National picks up dialysis bill of Indian

DUBAI — A Pakistani kidney donor has come to the aid of a Dubai-based Indian suffering from renal failure.

By Zaigham Ali Mirza

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Published: Sat 3 Sep 2005, 10:25 AM

Last updated: Thu 2 Apr 2015, 9:08 PM

Thirtyfive-year old Azmatullah Khan, who works as a marketing executive with a computer peripherals store in Bur Dubai, was diagnosed with renal medical disease earlier this year, and has since been on dialysis at the Rashid Hospital.

A recently introduced regulation in India stipulates that the kidney donor must be a blood-relative of the patient. Since Azmatullah’s mother is too old to be a donor and his elder brother is an alcoholic, he had to seek a donor outside the country, his cousin Mohammed Fareed told Khaleej Times.

According to Fareed, a Pakistani national who used to visit the Rashid Hospital for dialysis, told Azmatullah of Masood Hospital in Lahore, Pakistan, where a kidney transplant could be arranged. “We wrote to the hospital with details on his medical condition, and they replied positively,” Fareed said, adding that the cost for the transplant and related expenses are too steep for Azmatullah to afford.

The patient’s friends and relatives (he has two cousins and a nephew working in Dubai) have managed to collect Dh20,000 of the total Dh50,000 required for his treatment, and are seeking help from the public to raise the amount.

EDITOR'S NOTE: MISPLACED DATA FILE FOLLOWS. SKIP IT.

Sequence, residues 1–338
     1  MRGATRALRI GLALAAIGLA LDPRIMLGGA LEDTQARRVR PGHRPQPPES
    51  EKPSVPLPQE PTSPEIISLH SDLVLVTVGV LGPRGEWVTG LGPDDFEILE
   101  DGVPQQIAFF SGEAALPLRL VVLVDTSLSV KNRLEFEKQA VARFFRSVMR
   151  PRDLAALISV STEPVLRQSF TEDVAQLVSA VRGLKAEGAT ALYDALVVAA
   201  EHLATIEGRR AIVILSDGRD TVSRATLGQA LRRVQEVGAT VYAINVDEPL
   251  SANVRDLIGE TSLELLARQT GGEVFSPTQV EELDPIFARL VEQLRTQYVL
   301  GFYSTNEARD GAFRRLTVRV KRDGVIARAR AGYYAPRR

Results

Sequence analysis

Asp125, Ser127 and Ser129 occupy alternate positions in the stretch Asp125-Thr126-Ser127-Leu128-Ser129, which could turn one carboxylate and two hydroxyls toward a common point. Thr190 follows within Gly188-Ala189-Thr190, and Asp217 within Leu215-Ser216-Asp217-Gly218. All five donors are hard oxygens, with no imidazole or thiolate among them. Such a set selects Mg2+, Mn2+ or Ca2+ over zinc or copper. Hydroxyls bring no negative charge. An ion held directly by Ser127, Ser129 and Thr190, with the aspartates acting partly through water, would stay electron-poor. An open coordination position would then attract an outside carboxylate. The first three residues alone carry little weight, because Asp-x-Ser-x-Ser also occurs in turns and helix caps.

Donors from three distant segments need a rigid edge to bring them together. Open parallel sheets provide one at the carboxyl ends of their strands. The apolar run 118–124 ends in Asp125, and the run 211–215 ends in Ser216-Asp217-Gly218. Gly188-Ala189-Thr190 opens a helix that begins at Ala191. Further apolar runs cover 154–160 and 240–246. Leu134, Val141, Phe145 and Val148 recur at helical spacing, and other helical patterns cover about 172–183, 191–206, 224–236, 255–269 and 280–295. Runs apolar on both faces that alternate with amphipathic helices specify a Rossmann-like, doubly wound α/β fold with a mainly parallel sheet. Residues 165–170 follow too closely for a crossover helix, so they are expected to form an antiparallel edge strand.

Fareed said Azmatullah was already receiving help from an anonymous UAE national, who is paying the cost of his thrice-weekly dialysis sessions at the Rashid Hospital.

“Twice he could not avail of the dialysis because he did not have the money. A day’s dialysis support costs Dh800 at the hospital, and that amounts to Dh2,400 per week, while he earns Dh1,500 per month. A couple of days after he missed his treatment, a staff at the hospital called him and said he could continue receiving the dialysis as a UAE national was paying for the expenses,” he said.

Fareed called on the members of the public, particularly the Indian and Pakistani expatriate community in the UAE, to extend financial assistance to his cousin.

“We also approached the Pakistani Consulate in Dubai and were told that a visa would be issued for the patient and an attendant, if medical records and a letter from the hospital in Pakistan were submitted. The only thing that stands between my cousin and an almost normal, healthy life is Dh50,000,” he said.

Donations can be made to Mohammed Fareed’s bank account at the Commercial Bank of Dubai (Account No. 1000472470).

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